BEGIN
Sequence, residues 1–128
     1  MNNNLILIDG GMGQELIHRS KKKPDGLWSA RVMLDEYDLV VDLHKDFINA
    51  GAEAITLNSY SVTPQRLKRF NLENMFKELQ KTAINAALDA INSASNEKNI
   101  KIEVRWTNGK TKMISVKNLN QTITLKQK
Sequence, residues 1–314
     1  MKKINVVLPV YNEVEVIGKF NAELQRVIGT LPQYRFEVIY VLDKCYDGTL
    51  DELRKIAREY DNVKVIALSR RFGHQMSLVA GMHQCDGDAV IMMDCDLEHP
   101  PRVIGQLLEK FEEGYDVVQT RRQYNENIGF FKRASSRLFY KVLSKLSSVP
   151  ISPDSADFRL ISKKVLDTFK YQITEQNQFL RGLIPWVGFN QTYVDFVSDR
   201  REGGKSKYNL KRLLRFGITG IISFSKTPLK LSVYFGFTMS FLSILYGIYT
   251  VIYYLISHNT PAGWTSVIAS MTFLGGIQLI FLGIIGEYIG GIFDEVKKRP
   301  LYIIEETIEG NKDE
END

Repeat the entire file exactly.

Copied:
Sequence, residues 1–128
     1  MNNNLILIDG GMGQELIHRS KKKPDGLWSA RVMLDEYDLV VDLHKDFINA
    51  GAEAITLNSY SVTPQRLKRF NLENMFKELQ KTAINAALDA INSASNEKNI
   101  KIEVRWTNGK TKMISVKNLN QTITLKQK
Sequence, residues 1–314
     1  MKKINVVLPV YNEVEVIGKF NAELQRVIGT LPQYRFEVIY VLDKCYDGTL
    51  DELRKIAREY DNVKVIALSR RFGHQMSLVA GMHQCDGDAV IMMDCDLEHP
   101  PRVIGQLLEK FEEGYDVVQT RRQYNENIGF FKRASSRLFY KVLSKLSSVP
   151  ISPDSADFRL ISKKVLDTFK YQITEQNQFL RGLIPWVGFN QTYVDFVSDR
   201  REGGKSKYNL KRLLRFGITG IISFSKTPLK LSVYFGFTMS FLSILYGIYT
   251  VIYYLISHNT PAGWTSVIAS MTFLGGIQLI FLGIIGEYIG GIFDEVKKRP
   301  LYIIEETIEG NKDE